When my 9 year old convinced me to rent Trolls World Tour a couple of weeks ago, I was dubious. I had thoroughly enjoyed the first one, despite my reservations at the time, so I’m not sure why I was resistant. After all, a fun couple of hours with sunshiny bright pop tunes from the deep Universal catalog combined with what would almost certainly be a feel-good message seems on-point for weeks at home separated from friends and teachers and colleagues and all of the structure that is missing in our current everyday life. I supposed I feared that like a lot of sequels, it would fall disappointingly flat, and possibly even color our enjoyment of the original (Cars 2, I’m looking at you here). And honestly the trailers, with their demon-like rock music bad girl villain and seemingly surface takes on a variety of forced musical genre divisions, made me groan inside.
Y’all, I was so, so wrong. Trolls World Tour looks like a cheesy kids movie – and it is, indeed a cheesy kids movie, in all of the best ways. It is bright and colorful and glittery, with more of the great musical cuts that made the first so fun. The plot is artificial and slightly forced, but entertaining enough that a lot of those flaws can be overlooked. And yes, not surprisingly, a kids movie that is structured largely around divisions between musical genres does fall back on some easy and shallow stereotypes. But to get hung up on that surface would miss the big picture. This movie is actually a story about colonialism, involuntary cultural assimilation, and erasure of difference by dominant groups. It’s not even suggested. It’s flat out the theme of the entire movie.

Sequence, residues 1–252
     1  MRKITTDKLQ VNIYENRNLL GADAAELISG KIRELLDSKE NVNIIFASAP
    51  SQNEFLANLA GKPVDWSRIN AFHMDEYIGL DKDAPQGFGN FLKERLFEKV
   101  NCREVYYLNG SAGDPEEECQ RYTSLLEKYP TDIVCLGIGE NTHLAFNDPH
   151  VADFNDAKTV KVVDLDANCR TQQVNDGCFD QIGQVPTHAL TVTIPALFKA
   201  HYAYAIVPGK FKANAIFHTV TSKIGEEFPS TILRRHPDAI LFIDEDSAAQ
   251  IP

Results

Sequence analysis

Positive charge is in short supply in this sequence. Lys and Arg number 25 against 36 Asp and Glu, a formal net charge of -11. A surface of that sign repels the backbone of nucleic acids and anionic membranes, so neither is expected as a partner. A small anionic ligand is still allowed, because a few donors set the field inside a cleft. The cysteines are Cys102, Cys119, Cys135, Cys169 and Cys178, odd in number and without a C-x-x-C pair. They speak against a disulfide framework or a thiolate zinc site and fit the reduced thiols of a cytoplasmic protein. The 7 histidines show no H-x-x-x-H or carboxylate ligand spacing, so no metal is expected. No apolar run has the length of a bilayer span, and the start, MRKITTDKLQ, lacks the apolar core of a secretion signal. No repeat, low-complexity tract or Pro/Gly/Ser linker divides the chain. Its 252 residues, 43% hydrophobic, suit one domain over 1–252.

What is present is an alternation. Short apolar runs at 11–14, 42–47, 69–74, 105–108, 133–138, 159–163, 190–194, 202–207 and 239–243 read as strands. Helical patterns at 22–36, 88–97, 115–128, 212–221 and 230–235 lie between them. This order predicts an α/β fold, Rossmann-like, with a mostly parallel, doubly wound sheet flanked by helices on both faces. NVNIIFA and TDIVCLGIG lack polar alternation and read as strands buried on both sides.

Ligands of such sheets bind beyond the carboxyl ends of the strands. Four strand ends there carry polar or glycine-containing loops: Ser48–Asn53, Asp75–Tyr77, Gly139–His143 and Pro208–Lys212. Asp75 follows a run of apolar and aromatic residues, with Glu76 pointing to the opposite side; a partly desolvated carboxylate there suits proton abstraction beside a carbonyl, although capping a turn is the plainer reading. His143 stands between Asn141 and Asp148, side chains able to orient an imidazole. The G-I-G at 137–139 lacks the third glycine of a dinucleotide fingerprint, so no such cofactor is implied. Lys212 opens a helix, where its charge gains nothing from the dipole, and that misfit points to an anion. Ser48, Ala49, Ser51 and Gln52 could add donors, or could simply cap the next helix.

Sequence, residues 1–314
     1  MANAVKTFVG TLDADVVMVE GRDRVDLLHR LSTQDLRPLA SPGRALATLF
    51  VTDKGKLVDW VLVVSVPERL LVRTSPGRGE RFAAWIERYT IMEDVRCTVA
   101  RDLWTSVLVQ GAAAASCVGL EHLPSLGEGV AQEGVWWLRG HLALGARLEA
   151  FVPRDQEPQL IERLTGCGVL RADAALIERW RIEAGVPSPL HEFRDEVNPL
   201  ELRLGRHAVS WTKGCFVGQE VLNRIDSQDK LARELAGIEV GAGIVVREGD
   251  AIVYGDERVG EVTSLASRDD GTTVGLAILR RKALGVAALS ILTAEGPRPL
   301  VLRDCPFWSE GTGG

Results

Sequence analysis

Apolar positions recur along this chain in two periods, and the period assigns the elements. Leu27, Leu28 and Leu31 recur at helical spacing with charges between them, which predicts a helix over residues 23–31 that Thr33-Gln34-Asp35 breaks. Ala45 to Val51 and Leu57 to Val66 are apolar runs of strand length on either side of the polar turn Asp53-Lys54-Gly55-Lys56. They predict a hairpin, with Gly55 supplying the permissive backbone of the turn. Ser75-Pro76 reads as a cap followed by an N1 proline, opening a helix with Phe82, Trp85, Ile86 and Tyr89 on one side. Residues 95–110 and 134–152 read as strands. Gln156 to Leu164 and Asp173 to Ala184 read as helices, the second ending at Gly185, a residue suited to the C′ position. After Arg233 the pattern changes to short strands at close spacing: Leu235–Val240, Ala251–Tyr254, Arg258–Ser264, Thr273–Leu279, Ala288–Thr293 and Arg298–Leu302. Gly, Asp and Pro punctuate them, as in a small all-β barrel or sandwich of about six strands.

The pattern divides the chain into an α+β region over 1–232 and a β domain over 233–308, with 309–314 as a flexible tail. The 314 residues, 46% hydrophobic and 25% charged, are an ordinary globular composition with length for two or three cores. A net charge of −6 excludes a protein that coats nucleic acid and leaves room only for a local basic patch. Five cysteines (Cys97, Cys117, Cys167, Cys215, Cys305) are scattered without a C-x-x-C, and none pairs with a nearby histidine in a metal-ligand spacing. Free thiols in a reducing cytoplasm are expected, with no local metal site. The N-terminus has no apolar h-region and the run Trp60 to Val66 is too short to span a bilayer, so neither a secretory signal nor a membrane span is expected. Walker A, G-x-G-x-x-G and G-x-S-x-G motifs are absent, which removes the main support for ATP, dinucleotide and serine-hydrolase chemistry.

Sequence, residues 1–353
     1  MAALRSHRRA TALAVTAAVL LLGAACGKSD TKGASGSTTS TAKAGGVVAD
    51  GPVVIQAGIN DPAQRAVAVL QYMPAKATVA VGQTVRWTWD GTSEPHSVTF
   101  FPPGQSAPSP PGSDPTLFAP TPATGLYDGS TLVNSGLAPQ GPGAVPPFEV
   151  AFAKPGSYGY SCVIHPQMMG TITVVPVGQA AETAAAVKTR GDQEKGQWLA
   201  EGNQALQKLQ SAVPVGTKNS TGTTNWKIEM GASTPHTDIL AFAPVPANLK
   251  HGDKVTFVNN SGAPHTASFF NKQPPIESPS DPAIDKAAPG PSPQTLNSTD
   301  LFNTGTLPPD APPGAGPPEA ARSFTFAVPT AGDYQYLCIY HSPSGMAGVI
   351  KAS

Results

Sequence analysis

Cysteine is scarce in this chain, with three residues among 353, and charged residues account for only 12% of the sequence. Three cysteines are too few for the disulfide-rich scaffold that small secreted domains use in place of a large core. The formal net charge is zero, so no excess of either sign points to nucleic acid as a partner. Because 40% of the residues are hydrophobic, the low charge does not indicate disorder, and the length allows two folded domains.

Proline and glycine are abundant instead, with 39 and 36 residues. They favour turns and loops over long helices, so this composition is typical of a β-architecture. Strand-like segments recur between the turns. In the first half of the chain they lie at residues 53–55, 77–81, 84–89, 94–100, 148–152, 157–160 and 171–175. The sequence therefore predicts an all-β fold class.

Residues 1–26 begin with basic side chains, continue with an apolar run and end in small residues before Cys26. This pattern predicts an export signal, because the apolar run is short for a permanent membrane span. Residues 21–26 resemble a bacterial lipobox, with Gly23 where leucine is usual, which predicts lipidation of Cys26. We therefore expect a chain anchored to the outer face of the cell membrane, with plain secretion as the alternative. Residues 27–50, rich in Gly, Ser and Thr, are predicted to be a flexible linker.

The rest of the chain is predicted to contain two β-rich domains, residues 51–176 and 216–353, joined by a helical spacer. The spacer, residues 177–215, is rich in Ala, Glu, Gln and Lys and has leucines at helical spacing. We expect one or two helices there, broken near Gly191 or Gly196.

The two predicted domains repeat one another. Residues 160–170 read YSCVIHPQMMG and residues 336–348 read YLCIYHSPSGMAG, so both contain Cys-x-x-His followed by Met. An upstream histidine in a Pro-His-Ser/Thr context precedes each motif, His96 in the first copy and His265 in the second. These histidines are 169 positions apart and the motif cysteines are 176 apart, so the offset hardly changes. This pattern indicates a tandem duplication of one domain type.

Without getting too spoilery, when Poppy discovers the Funk/Hip Hop Trolls, she is presented with an explicit animated history of pop music appropriation, assimilation, and erasure of funk, hip hop and other genres. The film emphasizes that history is written by the winners, so it is no surprise that the scrapbook maintained by the dominant Troll culture completely fails to acknowledge how it appropriated elements of other cultures to their detriment. The icing on this awareness cake is that throughout the movie, the color-blind message many of us were sold as kids = that “we are all the same underneath and color/culture doesn’t matter” is expressly challenged. In the end, Poppy is forced to face the fact that her impulse to make everyone the same is no better than Barb-the-hard-rock Troll’s goal of making everyone a metal-head. It is our differences of experience and culture are what makes life so rich and interesting.
For the most part, the movie even manages all of this without being overbearing in its didacticism. All of this is absolutely explicit – which is good. We need more truly pop culture that actually addresses the inherent problems with pop culture – the sameness, the shameless borrowing and simplification of cultural trends, and the harm that is done when cultural connections are erased. But it manages to stay light and fun enough that it can start the conversation – like the film itself, it ends with the beginning of a new relationship between the various Troll communities, not the end of the discussion.